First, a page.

Special to CSMS magazine
For ten hours I had the opportunity to observe a second grade classroom at Peters Elementary located in Plantation, Florida—a suburban town near Fort Lauderdale. The classroom has 22 students; three of them are ESOL students, a boy from Burma and two girls from Haiti. The three kids started school on 2008, they are learning English with the help of a cooperative teacher and school staff that are teaching them how to read and write. While they are learning English, their parents are also doing the same by going to an adult ESOL program at night at a community school nearby.
During the observation, I could see many different characteristics in the students that helped me identify their culture. The classroom was very colorful. The students were doing different activities like science project, bottle people and building environments. At the end of the projects, the teacher organized a project exhibit in the cafeteria for parents and students. With the bottle people I got the chance to learn a little bit about the students different cultures; some students had to make a report on an important character. Many African American children chose President Barack Obama while some others chose Oprah, Michael Jordan, and then build the character in a bottle. For the science fair project, they planted seeds to learn in what soil they grow faster and easier. Each student had to build an environment. The Haitian students build tropical environments with beaches, fishes, and palm trees. After finishing the projects, the students had the chance to show their work to the parents during an evening session.
The ESOL students are learning to interact with one and other; one of the Haitian girls showed a sad and uncomfortable personality. She was crying and sat by herself and didn’t want to participate in the classroom activities. Even though the teacher got close to her and asked her if something was wrong, she didn’t want to speak. Ms. Harper told me that sometimes she feels frustrated when the girl can’t understand her explanation. So after presenting the lesson to the class, she sits down with her and explains it again to her. The two girls from Haiti are close friends. When they have a chance to talk, they do; and after any activity is explained, they sit together and tell each other what they understand about the instructions given by the teacher.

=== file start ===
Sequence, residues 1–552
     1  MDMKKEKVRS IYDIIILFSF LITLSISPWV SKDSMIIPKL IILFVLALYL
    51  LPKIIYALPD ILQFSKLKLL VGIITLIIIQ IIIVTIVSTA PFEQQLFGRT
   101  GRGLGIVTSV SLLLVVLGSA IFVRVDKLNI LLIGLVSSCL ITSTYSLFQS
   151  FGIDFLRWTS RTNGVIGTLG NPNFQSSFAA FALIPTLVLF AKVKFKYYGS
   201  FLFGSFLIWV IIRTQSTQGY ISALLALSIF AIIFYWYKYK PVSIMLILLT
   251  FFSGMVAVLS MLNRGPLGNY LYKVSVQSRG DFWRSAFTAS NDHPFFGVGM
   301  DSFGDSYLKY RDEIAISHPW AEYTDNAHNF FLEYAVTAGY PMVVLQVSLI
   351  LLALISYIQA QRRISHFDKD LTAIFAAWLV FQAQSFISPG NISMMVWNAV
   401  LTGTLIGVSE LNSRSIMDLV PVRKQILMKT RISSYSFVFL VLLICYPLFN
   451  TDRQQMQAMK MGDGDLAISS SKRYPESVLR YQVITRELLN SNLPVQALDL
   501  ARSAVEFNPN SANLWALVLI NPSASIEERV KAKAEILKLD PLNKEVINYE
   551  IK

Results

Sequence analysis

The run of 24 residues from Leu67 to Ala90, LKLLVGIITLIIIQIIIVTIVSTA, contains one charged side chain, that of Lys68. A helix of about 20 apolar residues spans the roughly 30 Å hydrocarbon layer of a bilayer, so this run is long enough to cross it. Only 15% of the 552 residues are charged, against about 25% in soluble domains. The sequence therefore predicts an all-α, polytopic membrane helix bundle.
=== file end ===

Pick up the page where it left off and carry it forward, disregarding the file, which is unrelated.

The boy from Burma interacted very well with other students. He likes to draw and spends most of the time doing it. He is learning to read. I had the opportunity to read a story with him. He is really trying hard to learn the different sounds, punctuation, and doing reading comprehension. Second grade students are really trying hard to read as many books as possible. There are shelves filled with different reading books where the students get to choose a book and then take a computerized quiz after they finish reading it. This is part of a program called Accelerated Reader (AR)—a program designed to promote reading comprehension and fluency. On one of the shelves, there are multicultural books. Some are in Spanish, and they tell stories of kids from other countries—good for promoting cross-cultural awareness and self-esteem.